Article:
One alternative to Descartes' arguments, and one that follows similar logical lines, is presented in George Berkeley's A Treatise Concerning the Principals of Human Knowledge. Berkeley, realizing that all he could confirm was his perception of substances, proposed that the substances themselves did not exist independent of perception. Because perception is the only thing one can experience or know of, argues Berkeley, and since even “the very patrons of matter themselves do not pretend there is any necessary connection between [existence outside of our minds or perceptions] and our ideas,” then the possibility exists that there are no “bodies” corresponding to the ideas and perceptions we hold to reflect reality. (Berkeley, 120-121) Furthermore, even our ideas of objects are defined by perceiving them. Berkeley challenges his reader to imagine an object, which would seem to be a simple task. However, all one is doing, asserts Berkeley, is imagining an object as one would perceive it. It is impossible to imagine anything “existing unconceived or unthought of”, which would be the only method in which to prove the objects to exist independent of the mind.

These assertions of Berkeley's would apparently refute the idea of an objective, infinite substance of any sort, and therefore the idea of God. After all, how could such a thing exist if indeed there is nothing that can be confirmed to exist outside of the mind? And yet, Berkeley takes almost as a given the existence of God, referring to the idea of bodies without minds as “God [creating] innumerable beings that are entirely useless.” (Berkeley, 121) This is consistent with his view of the functions of so-called “natural laws”, which he says are ideas with a steadiness, a predictability, such as the idea that “food nourishes, sleep refreshes, and fire warms.” (Berkeley, 123) To Berkeley, these “laws” are the product of the will of some sort of “great spirit”, or deity-like figure, a concept he gives no real justification for besides the inane argument that natural laws would require a great spirit to be consistent, and that by observing—subjectively, remember—consistency, one could determine the true laws governing and ordering nature. Like Descartes, Berkeley utilizes circular logic in his argument. The basis of his support of the existence of a “great spirit” is in his belief in “natural laws” which could not exist without a “great spirit” to create an orderly world in which the laws would function. Not only that, but he makes an intuitive leap that cannot be justified with the evidence he provides: having just finished showing that there is not necessarily any connection between perceptions and what truly exists, Berkeley turns around and claims that, through perception, the truth of “natural laws” can be discovered. Because he does not bring himself to doubt the existence of the “great spirit”, and therefore does not subject that idea to the same intellectual rigor that he has subjected other concepts to, Berkeley, too, fails to account for the influence of his personal beliefs on his logical conclusions.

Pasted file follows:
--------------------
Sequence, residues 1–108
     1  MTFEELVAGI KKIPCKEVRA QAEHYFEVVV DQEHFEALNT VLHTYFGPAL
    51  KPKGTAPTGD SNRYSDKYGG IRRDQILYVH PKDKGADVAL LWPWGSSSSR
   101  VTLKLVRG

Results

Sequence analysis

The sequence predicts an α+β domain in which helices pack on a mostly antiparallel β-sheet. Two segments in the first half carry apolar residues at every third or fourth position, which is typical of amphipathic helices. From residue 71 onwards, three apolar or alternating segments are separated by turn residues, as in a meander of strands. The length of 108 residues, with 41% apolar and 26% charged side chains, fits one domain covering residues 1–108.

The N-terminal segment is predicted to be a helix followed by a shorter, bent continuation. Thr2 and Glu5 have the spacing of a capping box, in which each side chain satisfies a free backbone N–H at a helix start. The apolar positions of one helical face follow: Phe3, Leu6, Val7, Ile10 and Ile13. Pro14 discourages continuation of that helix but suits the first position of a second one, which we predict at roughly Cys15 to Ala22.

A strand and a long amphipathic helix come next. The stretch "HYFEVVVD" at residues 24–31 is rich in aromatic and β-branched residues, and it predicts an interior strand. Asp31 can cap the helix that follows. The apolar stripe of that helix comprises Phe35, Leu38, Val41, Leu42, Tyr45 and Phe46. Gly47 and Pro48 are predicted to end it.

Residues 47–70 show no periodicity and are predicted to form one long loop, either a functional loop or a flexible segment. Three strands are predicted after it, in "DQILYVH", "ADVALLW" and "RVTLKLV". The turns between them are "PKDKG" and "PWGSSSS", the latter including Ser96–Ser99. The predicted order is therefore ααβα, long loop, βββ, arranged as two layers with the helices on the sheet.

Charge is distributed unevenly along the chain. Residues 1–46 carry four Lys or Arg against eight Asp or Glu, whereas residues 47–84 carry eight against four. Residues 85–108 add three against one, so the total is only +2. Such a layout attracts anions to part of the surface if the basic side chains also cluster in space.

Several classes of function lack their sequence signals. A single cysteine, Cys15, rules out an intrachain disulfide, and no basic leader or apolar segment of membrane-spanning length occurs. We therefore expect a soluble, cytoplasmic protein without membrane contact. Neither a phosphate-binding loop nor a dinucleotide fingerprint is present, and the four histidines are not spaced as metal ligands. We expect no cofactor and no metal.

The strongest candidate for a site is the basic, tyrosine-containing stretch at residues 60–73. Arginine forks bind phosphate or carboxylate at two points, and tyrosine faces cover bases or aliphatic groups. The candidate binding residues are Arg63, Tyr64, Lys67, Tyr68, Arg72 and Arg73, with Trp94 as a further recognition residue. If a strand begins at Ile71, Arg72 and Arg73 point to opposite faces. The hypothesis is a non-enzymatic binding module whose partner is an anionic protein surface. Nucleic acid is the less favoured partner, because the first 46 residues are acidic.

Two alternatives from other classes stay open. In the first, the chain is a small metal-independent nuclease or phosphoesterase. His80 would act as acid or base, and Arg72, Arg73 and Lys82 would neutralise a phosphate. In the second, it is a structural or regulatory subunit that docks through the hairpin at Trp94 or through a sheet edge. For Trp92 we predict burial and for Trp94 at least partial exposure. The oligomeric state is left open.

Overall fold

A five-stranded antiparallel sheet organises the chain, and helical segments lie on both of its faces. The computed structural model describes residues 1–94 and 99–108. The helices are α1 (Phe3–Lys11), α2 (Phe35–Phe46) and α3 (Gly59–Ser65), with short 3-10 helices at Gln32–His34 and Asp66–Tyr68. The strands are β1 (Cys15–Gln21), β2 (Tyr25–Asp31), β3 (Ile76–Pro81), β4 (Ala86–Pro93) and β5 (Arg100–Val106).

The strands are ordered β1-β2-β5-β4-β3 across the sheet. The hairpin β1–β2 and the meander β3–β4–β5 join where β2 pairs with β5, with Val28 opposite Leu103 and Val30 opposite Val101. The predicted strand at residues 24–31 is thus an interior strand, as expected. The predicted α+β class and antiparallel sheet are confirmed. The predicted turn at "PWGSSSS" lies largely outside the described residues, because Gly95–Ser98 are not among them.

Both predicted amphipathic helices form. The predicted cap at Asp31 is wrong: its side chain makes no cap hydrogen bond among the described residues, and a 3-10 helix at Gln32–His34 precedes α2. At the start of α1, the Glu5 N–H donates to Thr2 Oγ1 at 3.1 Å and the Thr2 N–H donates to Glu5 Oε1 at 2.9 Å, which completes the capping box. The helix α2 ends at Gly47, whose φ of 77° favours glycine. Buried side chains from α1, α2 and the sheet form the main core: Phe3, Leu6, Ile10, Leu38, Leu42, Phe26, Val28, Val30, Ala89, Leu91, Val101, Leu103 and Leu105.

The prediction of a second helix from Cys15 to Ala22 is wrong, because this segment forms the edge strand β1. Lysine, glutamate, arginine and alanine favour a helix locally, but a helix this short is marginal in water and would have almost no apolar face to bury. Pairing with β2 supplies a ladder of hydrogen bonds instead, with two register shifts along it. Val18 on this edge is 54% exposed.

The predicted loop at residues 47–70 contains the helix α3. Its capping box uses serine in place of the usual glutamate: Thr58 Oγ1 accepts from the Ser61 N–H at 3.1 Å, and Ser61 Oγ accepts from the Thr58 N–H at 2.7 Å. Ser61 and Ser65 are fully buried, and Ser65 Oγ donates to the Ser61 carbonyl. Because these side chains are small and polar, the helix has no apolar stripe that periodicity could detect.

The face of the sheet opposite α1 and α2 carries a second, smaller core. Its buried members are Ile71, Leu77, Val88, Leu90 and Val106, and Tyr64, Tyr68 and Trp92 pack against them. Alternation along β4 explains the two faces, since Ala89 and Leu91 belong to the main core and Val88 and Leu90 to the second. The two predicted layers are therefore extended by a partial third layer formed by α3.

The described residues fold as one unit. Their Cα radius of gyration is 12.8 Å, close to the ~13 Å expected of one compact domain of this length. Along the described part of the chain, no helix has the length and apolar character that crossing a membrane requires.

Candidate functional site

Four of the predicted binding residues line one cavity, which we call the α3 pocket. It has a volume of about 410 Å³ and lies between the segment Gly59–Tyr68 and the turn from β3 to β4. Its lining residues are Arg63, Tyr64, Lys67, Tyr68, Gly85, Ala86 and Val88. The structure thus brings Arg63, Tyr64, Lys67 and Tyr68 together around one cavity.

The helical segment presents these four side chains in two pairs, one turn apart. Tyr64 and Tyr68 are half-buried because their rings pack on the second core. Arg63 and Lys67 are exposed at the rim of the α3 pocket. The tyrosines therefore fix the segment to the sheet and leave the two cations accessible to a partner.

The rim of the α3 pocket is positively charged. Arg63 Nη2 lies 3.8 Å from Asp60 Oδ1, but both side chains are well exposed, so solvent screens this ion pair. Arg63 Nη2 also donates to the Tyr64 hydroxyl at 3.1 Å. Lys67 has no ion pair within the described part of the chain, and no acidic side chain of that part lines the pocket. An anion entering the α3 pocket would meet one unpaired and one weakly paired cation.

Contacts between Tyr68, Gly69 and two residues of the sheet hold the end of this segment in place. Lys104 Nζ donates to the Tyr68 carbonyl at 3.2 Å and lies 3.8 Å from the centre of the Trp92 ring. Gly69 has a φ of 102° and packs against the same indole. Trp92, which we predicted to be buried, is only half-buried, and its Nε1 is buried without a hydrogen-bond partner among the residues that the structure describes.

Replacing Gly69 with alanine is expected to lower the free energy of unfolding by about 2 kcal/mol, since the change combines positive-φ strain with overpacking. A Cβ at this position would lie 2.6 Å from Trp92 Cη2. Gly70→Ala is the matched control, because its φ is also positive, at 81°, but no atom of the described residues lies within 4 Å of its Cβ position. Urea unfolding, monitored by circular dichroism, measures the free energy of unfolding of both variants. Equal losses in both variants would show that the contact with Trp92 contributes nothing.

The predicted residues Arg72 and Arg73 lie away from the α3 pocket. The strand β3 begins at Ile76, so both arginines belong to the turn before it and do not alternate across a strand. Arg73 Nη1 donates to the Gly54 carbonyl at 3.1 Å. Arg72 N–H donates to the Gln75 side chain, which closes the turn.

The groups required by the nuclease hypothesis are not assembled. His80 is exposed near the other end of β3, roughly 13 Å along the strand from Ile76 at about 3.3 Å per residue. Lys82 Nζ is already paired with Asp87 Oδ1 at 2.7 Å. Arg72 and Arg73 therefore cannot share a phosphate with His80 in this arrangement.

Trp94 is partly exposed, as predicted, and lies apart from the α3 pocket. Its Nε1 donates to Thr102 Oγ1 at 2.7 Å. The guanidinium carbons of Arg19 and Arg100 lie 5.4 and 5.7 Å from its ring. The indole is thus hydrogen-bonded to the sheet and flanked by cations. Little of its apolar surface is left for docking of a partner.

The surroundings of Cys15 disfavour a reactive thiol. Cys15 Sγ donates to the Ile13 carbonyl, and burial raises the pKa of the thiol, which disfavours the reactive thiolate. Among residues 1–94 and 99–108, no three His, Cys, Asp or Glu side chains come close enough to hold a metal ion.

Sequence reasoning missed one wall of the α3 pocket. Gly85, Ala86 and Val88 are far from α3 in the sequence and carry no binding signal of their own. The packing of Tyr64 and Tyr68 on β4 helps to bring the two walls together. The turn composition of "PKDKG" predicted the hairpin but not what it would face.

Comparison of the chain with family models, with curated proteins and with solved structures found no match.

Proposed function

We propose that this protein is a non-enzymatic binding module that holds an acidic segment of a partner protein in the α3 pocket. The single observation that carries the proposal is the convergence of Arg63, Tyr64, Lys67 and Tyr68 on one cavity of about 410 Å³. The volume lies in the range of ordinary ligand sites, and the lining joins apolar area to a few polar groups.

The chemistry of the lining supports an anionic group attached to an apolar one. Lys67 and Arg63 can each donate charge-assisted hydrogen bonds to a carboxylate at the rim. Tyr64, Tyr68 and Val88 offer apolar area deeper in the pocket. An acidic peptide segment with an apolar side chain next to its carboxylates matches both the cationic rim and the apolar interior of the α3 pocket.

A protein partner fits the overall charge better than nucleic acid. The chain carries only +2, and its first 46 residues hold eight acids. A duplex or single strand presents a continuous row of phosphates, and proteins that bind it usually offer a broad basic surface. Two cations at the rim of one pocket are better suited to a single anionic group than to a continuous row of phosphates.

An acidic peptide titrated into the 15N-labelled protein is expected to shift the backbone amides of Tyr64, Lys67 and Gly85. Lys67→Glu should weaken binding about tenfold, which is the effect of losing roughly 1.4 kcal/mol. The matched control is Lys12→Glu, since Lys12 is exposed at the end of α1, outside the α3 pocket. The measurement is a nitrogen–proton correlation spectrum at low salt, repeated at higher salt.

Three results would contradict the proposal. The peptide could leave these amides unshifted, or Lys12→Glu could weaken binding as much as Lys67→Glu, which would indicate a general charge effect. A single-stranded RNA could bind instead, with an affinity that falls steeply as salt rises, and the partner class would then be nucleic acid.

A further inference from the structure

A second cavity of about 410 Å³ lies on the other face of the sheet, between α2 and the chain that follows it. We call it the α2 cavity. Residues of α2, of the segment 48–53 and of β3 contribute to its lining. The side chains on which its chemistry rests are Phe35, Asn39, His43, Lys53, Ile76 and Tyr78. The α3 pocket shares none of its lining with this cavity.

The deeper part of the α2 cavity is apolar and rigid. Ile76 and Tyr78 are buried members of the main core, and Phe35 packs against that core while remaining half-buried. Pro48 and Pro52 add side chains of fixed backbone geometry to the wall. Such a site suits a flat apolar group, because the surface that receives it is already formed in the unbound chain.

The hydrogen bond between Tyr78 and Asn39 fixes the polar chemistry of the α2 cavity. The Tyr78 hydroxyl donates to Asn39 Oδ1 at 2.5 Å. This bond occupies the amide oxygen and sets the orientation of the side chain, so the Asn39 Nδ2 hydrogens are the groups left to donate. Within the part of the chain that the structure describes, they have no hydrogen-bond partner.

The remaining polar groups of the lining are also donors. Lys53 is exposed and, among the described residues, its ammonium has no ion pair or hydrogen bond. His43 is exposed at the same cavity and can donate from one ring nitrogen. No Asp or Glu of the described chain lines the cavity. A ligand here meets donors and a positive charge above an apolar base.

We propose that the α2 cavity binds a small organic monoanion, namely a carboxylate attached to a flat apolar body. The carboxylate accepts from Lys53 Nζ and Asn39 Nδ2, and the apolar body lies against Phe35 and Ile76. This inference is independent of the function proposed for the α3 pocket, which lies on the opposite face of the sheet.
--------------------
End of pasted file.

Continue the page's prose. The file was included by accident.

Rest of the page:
There is, however, a third philosopher whose conclusions, while possibly less satisfying than those of Descartes and, to a lesser degree, Berkeley, are far more contextualized with the knowledge of his own—and his logic's—fallibility. At its heart, David Hume's basic argument about perception seems to reflect that of Berkeley. However, while Berkeley stopped at showing to be utterly ridiculous the idea that a substance could exist or be thought to exist unobserved or unperceived, Hume extends this theory to the self. “When [one's] perceptions are removed for any time,” argues Hume, “. . . so long am I insensible of myself and may truly be said not to exist.” (Hume, 127) Here is an immediate refutation of Descartes' “I think (or doubt), therefore I am.”; rather, Hume would argue, one thinks, and therefore there is thinking. Nothing further can be extrapolated. This is the purest logic exhibited so far by any of the three philosophers, for it denies the assumption of even the most basic belief in the self, whereas Descartes and Berkeley's arguments are essentially tautological, proceeding as they do from the idea that reason can reveal something deeper than perceptions, even though reasoning simply reveals definitions that have been arbitrarily assigned. Hume also allows, as the other philosophers were less overt in doing if indeed they did at all, for the possibility that his theory is incorrect or non-universal. He says that if any man believes that he has a different sense of himself from Hume's that there is the possibility that this other man “perceive[s] something simple and continued which he calls himself,” though he does assert that he is “certain there is no such principle in [him].” (Hume, 127) This idea of the slef—or lack thereof—is what informs the rest of Hume's philosophy.